What is a platform without its apps? Third-party apps have become the life blood of mobile operating systems. They’re the reason why iOS and Android have absolutely dominated the competition, and the reason why BlackBerry and Windows Phone can’t catch up. In case you haven’t noticed, 2013 is the year of good Android app design. Or at least it was shaping up to be.
At Google I/O this year, Google introduced some new app design guidelines, like the navigation drawer. The navigation drawer isn’t necessarily new, but some rules, including how the navigation drawer should operate and how it should be represented, were firmly solidified this year. Already, a handful of popular Android apps have implemented these new rules, keeping them up-to-date with Google’s own apps.
This is the first time we’ve seen developers keeping up so quickly with Google. When Holo was first introduced, developers were slow to adopt the design. Strict design guidelines introduced with Android 4.0, heavy usage from users on modern Android and surges in market share have been attributed as reasons why Android apps have finally started to look good and adhere to a common design language. Developers finally had a style guide to look at and lots of users to implement that style for. But there’s another reason, and it doesn’t get brought up much. And that reason is directly related to iOS.
For years now, iOS has been utilizing a well-established design language. The user interface of iOS apps are always being tweaked, like with every platform, but for the most part long-standing apps in the App Store have been using the same basic design for nearly five years now. That gave companies the chance to neglect iOS apps and focus on Android. With iOS 7, all of that is thrown out the window.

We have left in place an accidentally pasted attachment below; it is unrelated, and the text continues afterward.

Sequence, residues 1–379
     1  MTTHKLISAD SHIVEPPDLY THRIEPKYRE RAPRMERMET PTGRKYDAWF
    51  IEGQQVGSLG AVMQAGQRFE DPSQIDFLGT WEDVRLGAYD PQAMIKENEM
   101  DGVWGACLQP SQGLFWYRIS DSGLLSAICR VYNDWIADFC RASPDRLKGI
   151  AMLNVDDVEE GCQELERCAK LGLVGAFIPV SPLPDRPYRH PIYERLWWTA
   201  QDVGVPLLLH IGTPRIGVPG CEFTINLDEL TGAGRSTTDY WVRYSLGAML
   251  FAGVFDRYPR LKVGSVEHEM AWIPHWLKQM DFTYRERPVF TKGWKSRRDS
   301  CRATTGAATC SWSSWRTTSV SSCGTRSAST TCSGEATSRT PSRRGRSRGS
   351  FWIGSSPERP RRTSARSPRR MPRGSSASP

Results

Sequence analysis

iOS 7 is a lot more than a simple redesign; there are new rules that govern how everything functions. Nearly everything is different. iOS 7 is similar to Ice Cream Sandwich in a lot of ways, but may be even more of a drastic change. Nearly every single iOS app is going to require a massive redesign, which could have developers placing Android on the back burner.
It’s no secret that companies tend to favor building for iOS. For whatever reason, whether it’s due to limited hardware options or high adoption rates of current firmware versions, multi-platform apps always seem to come to iOS first. And sometimes, like with Vine, even when apps finally do come to Android, they are missing features and barely work. There are exceptions, but for the most part, they’re limited. You can look at it however you want. But from the outside, as an app consumer, iOS seems to get special treatment. There’s a good chance that special treatment is going to be extra apparent while companies redesign for iOS 7.
Anyone who has an app for iOS 7 ready to go this fall is going to have a leg up on the competition. Consumers will flock to their app. Apple will feature them in the App Store and in commercials. No developer is going to be willing to risk that. They’re going to fight for that. They’re going to place all of their focus on that. Unless companies have teams assembled just to concentrate on Android, which many do now, Android apps are going to be pushed aside for awhile.
That doesn’t mean that in a business sense, Android will suffer. In fact, I’d venture to guess it won’t really monetarily hurt Android at all. Only a very small portion of the app consuming population will even care about this kind of stuff. But for those of us who have been excited over every up-to-date Holo Android app, well, it might be a boring year. Might.
This could be the year we finally see just how committed developers are to Android. Despite iOS seeing a massive redesign, Android app development could carry on as normal. If that happens, that’s a huge story in itself. I still remember a time when a good portion of the most popular apps weren’t even on Android. Those days are clearly long gone, but where developers place focus with iOS 7 launching in the fall will show us just how far we’ve come.